Lead and Dropout Rates: An Itsy Bitsy Mystery

In a meandering post yesterday that ended up on the subject of lead and crime, I posted some charts showing the correlation of childhood lead levels with crime, teen pregnancy, and high school dropout rates. Here’s the dropout chart:

This correlation should come as no surprise. The connection between lead and crime may still be debatable, but the connection of lead with IQ and learning deficiencies is rock solid. There’s literally no one who doesn’t accept the research on this. So it makes sense that as lead poisoning in children increases, the dropout rate of these children a couple of decades later would increase too.

But if you look at this chart closely, you’ll see something funny: the best fit suggests a lag time of 28 years. That’s not right. The lag time ought to be 16 or 17 years, or at least something in that ballpark. What’s going on?

One possibility, of course, is that this is just a chance correlation. Something else caused the rise and fall of the dropout rate and lead had only a little to do with it. Without further study, there’s no way to know for sure. Alternatively, this could be a statistical artifact. Dropout rates are tricky to measure, and not everyone agrees on how to do it. Does a GED count as “graduation,” for example?

In other words, there could be a bunch of things wrong here. But let’s suppose this correlation is real. If so, what would account for the 28-year lag?

The best guess I can come up with is that dropout rates depend about equally on both parents and kids. The rate increases if the kids are duller or if the parents are duller. So if the lag time for the the children themselves is, say, 16 years, and the lag time for the parents is 40-years, the best fit for the final curve is a 28-year lag.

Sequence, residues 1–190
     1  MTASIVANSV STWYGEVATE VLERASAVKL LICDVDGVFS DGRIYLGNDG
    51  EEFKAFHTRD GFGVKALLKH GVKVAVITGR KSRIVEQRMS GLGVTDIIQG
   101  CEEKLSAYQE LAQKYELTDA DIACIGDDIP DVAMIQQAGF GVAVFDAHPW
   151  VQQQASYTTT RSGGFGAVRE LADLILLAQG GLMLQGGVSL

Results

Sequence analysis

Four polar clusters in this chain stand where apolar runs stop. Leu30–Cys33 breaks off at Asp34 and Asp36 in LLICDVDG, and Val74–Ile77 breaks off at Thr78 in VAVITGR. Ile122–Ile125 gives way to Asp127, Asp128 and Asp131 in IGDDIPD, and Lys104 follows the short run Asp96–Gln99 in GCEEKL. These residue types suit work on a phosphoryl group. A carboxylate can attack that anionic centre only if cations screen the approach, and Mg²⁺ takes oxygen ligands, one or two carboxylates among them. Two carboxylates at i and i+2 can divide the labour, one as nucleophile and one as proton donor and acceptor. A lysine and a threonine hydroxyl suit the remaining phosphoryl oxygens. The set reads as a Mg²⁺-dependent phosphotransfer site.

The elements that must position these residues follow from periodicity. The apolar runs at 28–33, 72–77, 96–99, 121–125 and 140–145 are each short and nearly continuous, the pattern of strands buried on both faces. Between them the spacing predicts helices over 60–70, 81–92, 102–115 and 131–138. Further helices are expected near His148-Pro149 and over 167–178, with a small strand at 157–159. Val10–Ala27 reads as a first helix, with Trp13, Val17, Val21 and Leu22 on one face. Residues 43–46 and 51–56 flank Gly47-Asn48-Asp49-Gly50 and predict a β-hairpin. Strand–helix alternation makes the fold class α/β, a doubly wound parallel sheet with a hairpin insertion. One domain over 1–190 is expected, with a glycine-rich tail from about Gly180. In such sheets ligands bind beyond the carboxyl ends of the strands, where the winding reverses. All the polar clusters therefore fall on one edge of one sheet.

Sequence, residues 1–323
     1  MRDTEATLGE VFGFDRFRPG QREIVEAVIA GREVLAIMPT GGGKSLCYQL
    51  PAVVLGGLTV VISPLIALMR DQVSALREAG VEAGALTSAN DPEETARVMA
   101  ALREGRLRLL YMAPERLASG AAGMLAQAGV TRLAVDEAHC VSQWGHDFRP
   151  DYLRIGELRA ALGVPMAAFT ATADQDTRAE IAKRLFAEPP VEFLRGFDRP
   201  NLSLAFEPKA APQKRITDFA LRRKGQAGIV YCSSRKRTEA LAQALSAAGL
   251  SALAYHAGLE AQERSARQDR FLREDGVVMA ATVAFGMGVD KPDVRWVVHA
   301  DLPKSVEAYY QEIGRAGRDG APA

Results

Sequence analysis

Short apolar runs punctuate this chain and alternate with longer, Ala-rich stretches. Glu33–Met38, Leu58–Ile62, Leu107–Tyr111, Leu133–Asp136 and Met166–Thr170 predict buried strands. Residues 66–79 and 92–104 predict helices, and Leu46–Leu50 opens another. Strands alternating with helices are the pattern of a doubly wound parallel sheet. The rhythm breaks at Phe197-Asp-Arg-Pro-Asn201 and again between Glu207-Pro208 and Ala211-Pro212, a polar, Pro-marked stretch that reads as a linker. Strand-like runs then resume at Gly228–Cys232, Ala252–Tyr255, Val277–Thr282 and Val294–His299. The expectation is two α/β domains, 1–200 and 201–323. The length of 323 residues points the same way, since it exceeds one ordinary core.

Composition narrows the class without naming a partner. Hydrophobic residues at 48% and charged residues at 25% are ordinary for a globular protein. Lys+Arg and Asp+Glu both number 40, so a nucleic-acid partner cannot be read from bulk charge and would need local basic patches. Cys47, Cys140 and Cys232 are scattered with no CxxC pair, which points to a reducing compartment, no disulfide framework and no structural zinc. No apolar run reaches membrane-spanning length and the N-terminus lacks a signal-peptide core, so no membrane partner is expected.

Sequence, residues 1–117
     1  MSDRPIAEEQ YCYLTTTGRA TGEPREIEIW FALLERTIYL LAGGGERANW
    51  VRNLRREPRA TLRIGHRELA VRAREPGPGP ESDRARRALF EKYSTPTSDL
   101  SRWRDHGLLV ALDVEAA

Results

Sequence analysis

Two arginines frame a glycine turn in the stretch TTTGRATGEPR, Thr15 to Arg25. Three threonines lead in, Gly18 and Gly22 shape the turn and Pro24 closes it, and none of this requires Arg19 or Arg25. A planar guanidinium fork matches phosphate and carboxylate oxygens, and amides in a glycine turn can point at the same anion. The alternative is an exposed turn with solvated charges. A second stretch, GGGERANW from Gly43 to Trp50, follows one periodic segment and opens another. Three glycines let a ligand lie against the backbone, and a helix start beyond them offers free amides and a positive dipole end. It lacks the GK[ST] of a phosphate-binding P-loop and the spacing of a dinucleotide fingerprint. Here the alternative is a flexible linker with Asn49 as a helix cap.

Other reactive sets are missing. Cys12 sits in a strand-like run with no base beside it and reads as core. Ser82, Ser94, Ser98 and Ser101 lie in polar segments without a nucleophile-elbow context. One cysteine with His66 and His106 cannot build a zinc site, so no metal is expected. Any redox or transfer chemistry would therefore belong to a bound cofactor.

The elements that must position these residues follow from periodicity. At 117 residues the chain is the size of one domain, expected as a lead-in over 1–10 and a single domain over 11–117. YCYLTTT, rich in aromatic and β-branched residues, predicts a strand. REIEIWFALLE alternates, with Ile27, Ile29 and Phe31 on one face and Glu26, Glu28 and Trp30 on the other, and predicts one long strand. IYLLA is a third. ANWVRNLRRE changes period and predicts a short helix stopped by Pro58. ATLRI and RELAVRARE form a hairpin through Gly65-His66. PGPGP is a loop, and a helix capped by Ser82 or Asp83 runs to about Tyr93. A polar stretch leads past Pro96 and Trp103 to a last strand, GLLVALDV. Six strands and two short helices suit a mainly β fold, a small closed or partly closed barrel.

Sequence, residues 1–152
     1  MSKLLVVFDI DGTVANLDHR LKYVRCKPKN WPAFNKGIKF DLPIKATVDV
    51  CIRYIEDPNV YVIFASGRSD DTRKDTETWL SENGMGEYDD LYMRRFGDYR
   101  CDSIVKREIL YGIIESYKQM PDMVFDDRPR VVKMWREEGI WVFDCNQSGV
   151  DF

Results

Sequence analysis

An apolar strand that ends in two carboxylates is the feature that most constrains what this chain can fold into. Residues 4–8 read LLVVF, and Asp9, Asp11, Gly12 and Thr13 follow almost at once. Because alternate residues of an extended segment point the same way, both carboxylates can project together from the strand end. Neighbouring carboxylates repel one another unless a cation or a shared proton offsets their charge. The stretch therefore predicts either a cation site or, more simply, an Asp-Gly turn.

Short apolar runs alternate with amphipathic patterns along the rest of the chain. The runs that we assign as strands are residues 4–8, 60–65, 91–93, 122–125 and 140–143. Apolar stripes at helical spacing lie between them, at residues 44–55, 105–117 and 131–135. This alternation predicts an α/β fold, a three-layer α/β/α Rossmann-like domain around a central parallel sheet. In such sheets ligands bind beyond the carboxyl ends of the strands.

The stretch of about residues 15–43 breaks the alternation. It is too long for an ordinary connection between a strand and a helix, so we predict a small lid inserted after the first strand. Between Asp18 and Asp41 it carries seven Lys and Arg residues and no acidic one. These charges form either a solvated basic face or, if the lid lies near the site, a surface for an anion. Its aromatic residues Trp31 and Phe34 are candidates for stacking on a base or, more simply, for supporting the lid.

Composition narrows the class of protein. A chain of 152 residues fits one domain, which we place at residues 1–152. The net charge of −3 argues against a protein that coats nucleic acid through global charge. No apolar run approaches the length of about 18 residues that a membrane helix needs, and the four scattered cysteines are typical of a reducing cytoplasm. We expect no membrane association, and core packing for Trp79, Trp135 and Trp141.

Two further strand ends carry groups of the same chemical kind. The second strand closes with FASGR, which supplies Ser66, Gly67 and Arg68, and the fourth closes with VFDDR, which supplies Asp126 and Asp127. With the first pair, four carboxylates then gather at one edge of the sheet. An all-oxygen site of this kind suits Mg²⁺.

I have no idea if this holds water, and I’m not even slightly invested in it. I’m mostly curious about whether this correlation is meaningful, and if it is, whether there’s some reasonable explanation for the odd lag time. If you have any guesses, toss ’em out in comments.

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WHO DOESN’T LOVE A POSITIVE STORY—OR TWO?

“Great journalism really does make a difference in this world: it can even save kids.”

That’s what a civil rights lawyer wrote to Julia Lurie, the day after her major investigation into a psychiatric hospital chain that uses foster children as “cash cows” published, letting her know he was using her findings that same day in a hearing to keep a child out of one of the facilities we investigated.

That’s awesome. As is the fact that Julia, who spent a full year reporting this challenging story, promptly heard from a Senate committee that will use her work in their own investigation of Universal Health Services. There’s no doubt her revelations will continue to have a big impact in the months and years to come.

Like another story about Mother Jones’ real-world impact.

This one, a multiyear investigation, published in 2021, exposed conditions in sugar work camps in the Dominican Republic owned by Central Romana—the conglomerate behind brands like C&H and Domino, whose product ends up in our Hershey bars and other sweets. A year ago, the Biden administration banned sugar imports from Central Romana. And just recently, we learned of a previously undisclosed investigation from the Department of Homeland Security, looking into working conditions at Central Romana. How big of a deal is this?

“This could be the first time a corporation would be held criminally liable for forced labor in their own supply chains,” according to a retired special agent we talked to.

Wow.

And it is only because Mother Jones is funded primarily by donations from readers that we can mount ambitious, yearlong—or more—investigations like these two stories that are making waves.

About that: It’s unfathomably hard in the news business right now, and we came up about $28,000 short during our recent fall fundraising campaign. We simply have to make that up soon to avoid falling further behind than can be made up for, or needing to somehow trim $1 million from our budget, like happened last year.

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